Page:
Archive for September, 2017

Ireland about to put in place an opt-out system for organ donation

The Republic of Ireland is following the example of France whose new opt-out system for organ donation came into effect earlier this year. There are today only a few countries left in the EU which have an opt-in system: Germany, United Kingdom (with the exception of Wales) and the Netherlands.

Irish Minister for Health Simon Harris announced that an opt-out system for organ donation should be implemented by the end of next year in Ireland. A six week public consultation on a Human Tissue Bill was launched at the beginning of September to inform the drafting of the legislation. According to Mr. Harris, the consultation which is addressed to the public, medical professional and other interest groups will help “to put in place the best possible scheme to ensure as many  organ donations as possible”.

The act will first of all regulate the removal, storage, use and disposal of human tissue from deceased persons. Moreover it will provide general conditions for the removal, donation and the use of organs and tissues from living and deceased persons for the purposes of transplantation. And lastly, it will provide an opt-out system of consent for organ donation and an associated register.

With this new system, the consent to donate organs after death is presumed. This means that even without any explicit confirmation from the donor to donate his/her organs, can be intended for organ transplantation unless the donor has opted-out on a specific register. The Minister of Health expects from such a system “a change in the culture”, to make organ donations the norm and increase citizens’ awareness of the topic. However, the Minister also mentioned that there will be a “soft opt-out” clause ensuring that relatives will have the final say.

While the opt-out system might soon be a reality in Ireland, things are also progressing in the UK. Wales already introduced a system of presumed consent for organ donation back in 2015, Ministers in Scotland also announced plans to follow the path, while  the Labour leader Jeremy Corbin announced on the 26th of September that it would be on the agenda of the Labour Government if elected .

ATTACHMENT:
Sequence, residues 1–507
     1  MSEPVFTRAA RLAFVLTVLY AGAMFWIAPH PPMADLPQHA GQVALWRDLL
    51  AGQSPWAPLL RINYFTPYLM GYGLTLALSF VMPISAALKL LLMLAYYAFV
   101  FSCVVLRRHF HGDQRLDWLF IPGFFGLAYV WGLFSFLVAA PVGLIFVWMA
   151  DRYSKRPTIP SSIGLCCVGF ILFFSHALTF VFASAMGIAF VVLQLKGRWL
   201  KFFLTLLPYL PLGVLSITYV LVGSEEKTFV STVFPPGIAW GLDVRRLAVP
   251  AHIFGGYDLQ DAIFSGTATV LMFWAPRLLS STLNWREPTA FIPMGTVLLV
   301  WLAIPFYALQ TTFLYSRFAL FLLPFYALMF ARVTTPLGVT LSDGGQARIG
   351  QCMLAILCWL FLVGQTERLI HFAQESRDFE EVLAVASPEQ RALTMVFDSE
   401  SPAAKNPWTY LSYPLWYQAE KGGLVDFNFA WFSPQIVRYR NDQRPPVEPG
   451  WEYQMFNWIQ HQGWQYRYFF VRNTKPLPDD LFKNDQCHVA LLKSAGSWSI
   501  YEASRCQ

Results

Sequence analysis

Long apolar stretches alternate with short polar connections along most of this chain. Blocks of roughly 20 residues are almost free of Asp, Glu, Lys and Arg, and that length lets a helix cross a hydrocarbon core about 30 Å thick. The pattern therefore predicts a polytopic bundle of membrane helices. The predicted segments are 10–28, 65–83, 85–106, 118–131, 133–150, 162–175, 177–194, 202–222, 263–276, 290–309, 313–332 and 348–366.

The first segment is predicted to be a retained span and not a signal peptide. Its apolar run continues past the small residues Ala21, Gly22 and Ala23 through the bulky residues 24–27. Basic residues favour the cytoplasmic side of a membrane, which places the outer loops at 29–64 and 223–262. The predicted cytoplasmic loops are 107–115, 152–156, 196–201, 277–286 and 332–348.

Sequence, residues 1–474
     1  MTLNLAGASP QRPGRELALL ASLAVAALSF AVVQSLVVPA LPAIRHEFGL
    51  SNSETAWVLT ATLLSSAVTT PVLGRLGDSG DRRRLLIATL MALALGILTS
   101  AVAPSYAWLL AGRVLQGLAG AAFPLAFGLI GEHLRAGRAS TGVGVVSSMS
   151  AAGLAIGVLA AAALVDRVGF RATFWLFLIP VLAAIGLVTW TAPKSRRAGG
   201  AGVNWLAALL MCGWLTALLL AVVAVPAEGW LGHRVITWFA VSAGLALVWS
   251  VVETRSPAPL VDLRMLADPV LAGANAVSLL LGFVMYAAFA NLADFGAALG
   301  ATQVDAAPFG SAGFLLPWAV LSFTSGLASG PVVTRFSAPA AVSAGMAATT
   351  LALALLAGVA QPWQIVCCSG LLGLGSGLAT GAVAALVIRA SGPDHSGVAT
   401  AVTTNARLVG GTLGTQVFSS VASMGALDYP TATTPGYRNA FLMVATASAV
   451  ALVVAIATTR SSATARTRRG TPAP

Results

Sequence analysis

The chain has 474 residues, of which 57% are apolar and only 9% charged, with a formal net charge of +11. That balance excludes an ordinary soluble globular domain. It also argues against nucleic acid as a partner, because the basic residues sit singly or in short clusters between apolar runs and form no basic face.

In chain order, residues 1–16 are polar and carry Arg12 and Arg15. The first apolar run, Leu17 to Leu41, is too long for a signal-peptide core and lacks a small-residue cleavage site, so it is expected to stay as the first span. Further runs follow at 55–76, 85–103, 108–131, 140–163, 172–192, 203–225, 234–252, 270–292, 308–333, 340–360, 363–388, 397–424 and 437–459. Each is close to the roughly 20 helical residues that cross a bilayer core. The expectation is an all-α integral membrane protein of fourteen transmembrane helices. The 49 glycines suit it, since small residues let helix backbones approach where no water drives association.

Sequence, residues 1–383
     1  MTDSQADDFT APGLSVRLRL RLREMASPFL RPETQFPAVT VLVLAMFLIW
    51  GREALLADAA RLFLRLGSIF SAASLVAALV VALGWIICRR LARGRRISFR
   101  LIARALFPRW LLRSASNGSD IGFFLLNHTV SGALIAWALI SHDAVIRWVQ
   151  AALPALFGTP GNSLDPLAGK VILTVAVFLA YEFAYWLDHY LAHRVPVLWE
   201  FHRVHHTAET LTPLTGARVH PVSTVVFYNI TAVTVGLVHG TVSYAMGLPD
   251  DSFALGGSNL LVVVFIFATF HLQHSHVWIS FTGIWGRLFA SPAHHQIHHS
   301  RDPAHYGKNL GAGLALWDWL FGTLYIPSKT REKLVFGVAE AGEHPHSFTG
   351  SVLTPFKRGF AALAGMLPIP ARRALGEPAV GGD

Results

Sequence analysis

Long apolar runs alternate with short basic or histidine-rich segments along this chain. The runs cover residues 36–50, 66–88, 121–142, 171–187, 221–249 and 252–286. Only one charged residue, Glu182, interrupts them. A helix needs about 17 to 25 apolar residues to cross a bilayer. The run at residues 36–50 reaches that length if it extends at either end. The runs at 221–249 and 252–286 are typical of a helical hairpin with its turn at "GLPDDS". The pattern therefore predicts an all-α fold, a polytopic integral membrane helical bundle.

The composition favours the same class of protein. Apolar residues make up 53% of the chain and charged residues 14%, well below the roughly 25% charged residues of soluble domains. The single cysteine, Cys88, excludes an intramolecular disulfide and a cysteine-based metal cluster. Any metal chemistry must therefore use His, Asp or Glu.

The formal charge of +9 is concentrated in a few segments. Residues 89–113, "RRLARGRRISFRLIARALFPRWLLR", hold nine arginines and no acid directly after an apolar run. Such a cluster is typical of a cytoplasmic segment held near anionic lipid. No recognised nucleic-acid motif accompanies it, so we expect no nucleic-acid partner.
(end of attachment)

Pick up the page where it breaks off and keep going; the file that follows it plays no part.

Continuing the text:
For more information see here.

Spain continues to be the world leader in number of organ transplants

After breaking its record in 2014 and 2015, Spain again improved its annual number of organs transplanted, reaching the impressive amount of 4,818 transplants in 2016. 2,994 of them were kidney transplants, as reported by the Organización Nacional de Trasplantes (ONT).

In terms of organ donation, there were 43.4 organ donors per million inhabitants in 2016, while there were 39.7 donors per million in 2015. A high discrepancy in the levels of organ donations and organ transplantations is observable across the European Union, when comparing these numbers with the data for other EU Member States. According to the statistics published by the Spanish Health Ministry, the overall average for the EU is 19.6 donors per million people, the US average 26.6 pmp.

This news doesn’t come as a surprise, as Spain has been leading the global ranking regarding the number of organ transplants carried out in a year for over 25 years now.

The main question is how Spain could reach and maintain such a gold standard in organ donation and transplantation, while there have been significant cuts in public spending on health in the recent years, due to austerity measures following the economic crisis. A paper discussing this topic was published at the beginning of the year in the American Journal of Transplantation, with the aim to help other countries learn from the Spanish experience. The main Author of the article, Rafael Matesanz (director of the ONT), pointed at the importance of a “good organization in the process of deceased donation and continuous adaptations of the system to changes”. One should not underestimate the fact that Spain introduced the current “opt-out” system for organ donation already back in 1979.

 

For more information see here.

Priorities of Estonian EU Council Presidency in Health: harmful use of alcohol at the forefront

After taking over from Malta at the beginning of July, it is now Estonia’s  turn to lead the Council of the European Union until the end of 2017.